The ORS Int. is the official adjudicator of ocean rowing records for Guinness World Records


The Scottish Press Association


By Jude Sheerin, Scottish Press Association


A British ocean rower today launched a solo bid to cross the Atlantic in a 40-year-old boat which belonged to two other adventurers who died on a similar challenge.
Graham Walters, 60, from Thurmaston, Leicester, embarked from Spain this morning in the Puffin on his 3,000-mile mission to reach Antigua.
Forty years ago, the 15ft wooden-hulled boat was at the centre of an ill-fated record attempt by two other ocean rowers that ended in tragedy.

David Johnstone and John Hoare were engulfed by hurricane-tossed seas in September 1966 as they attempted to become the first to row the Atlantic in the 20th century. Puffin was discovered mid-Atlantic with Johnstone and Hoare's logbook intact on the upturned hull.
The last entry in the log was dated September 3rd 1966.
By an amazing coincidence,
 on the same day another pair of British rowers arrived  in Ireland. John Ridgway, from Ardmore, in the Highlands, and Chay Blyth, from Hawick in the Scottish Borders, succeeded in crossing the  same ocean in 90 days, to worldwide acclaim.


Following its recovery, the Puffin gathered dust in Exeter Maritime Museum and then a Dorset boathouse, before being taken out of retirement to complete the Atlantic crossing by Mr Walters.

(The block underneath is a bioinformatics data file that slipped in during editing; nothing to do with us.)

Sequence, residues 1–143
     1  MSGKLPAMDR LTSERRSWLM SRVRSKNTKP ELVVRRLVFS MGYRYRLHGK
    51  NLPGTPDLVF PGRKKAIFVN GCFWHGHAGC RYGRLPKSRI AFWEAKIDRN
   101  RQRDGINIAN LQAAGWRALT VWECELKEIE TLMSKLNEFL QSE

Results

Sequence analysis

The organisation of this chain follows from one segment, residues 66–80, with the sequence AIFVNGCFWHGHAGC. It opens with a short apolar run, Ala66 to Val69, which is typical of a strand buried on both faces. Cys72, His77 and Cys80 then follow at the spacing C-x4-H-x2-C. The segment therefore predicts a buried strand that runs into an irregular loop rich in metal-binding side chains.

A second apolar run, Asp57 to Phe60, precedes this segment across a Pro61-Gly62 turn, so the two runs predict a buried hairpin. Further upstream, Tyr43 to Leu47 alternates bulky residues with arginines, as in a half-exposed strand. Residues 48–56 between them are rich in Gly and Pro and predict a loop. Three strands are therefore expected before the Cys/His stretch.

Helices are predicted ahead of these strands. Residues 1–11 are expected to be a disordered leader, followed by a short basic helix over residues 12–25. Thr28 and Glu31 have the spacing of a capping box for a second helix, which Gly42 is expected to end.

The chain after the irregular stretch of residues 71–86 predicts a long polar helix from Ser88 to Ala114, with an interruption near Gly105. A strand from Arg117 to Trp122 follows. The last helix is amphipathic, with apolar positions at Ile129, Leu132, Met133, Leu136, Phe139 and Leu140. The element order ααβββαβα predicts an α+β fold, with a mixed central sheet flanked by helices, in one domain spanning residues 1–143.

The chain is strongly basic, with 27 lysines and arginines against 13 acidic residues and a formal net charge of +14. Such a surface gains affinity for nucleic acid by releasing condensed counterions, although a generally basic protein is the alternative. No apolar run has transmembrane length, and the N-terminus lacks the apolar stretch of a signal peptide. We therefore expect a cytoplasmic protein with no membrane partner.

The carpenter, who hopes to make the voyage in 100 days, has brought the logbook of the vessel's tragic previous owners to compare notes with his own progress.
The veteran rower, who is on his fourth trip - the second solo - across the ocean, said it was his toughest challenge yet.
"The Puffin is an old boat, it weighs 2.5 tonnes, so it's a bit like trying to row a skip filled with concrete," he said by mobile phone, shortly after setting out.
"It's much less slippery than modern boats and has a much bigger footprint in the water. It's very hard to row. My biggest worry is the weather deteriorating.
"Obviously, I'm ever mindful that David Johnstone and John Hoare were lost in a hurricane. I've just got to try and stay strong and focused, and do it for them."
He has 300 ration packs for his 14-week journey and hopes to snatch up to six hours of sleep a night.

Mr Walters set out at 9.55am from San Sebastian de La Gomera, Spain - the exact same spot from where explorer Christopher Columbus embarked when he became the first to sail the Atlantic.

Kenneth F Crutchlow, executive director of the Ocean Rowing Society International, which helped co-ordinate the trip, said: "Three thousand climbers have reached the summit of Mount Everest but only 179 rowers have succeeded in crossing the Atlantic.
"It's one of the toughest challenges around, even in a modern boat, but if anyone can do - it's Graham who can."